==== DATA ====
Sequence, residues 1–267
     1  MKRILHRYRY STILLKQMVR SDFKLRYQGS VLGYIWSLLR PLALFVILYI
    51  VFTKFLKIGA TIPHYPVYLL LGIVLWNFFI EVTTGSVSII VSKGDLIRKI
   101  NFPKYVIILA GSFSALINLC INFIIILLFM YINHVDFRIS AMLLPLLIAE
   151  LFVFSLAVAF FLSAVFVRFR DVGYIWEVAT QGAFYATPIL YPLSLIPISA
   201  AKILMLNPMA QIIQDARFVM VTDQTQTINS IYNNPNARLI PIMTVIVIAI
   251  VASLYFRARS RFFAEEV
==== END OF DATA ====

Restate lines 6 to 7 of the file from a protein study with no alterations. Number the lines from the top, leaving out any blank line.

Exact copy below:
   201  AKILMLNPMA QIIQDARFVM VTDQTQTINS IYNNPNARLI PIMTVIVIAI
   251  VASLYFRARS RFFAEEV